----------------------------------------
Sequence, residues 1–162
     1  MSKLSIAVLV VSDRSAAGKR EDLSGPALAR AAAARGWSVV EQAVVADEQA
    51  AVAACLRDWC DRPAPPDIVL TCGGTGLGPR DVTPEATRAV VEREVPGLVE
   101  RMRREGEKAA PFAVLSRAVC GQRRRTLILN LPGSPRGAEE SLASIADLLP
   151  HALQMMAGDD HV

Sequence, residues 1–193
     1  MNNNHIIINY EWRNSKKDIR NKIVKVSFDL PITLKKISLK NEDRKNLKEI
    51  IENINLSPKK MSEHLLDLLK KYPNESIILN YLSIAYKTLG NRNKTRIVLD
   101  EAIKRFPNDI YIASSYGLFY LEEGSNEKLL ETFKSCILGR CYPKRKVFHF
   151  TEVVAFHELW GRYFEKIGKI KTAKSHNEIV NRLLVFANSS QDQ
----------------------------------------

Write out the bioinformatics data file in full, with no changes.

Sequence, residues 1–162
     1  MSKLSIAVLV VSDRSAAGKR EDLSGPALAR AAAARGWSVV EQAVVADEQA
    51  AVAACLRDWC DRPAPPDIVL TCGGTGLGPR DVTPEATRAV VEREVPGLVE
   101  RMRREGEKAA PFAVLSRAVC GQRRRTLILN LPGSPRGAEE SLASIADLLP
   151  HALQMMAGDD HV

Sequence, residues 1–193
     1  MNNNHIIINY EWRNSKKDIR NKIVKVSFDL PITLKKISLK NEDRKNLKEI
    51  IENINLSPKK MSEHLLDLLK KYPNESIILN YLSIAYKTLG NRNKTRIVLD
   101  EAIKRFPNDI YIASSYGLFY LEEGSNEKLL ETFKSCILGR CYPKRKVFHF
   151  TEVVAFHELW GRYFEKIGKI KTAKSHNEIV NRLLVFANSS QDQ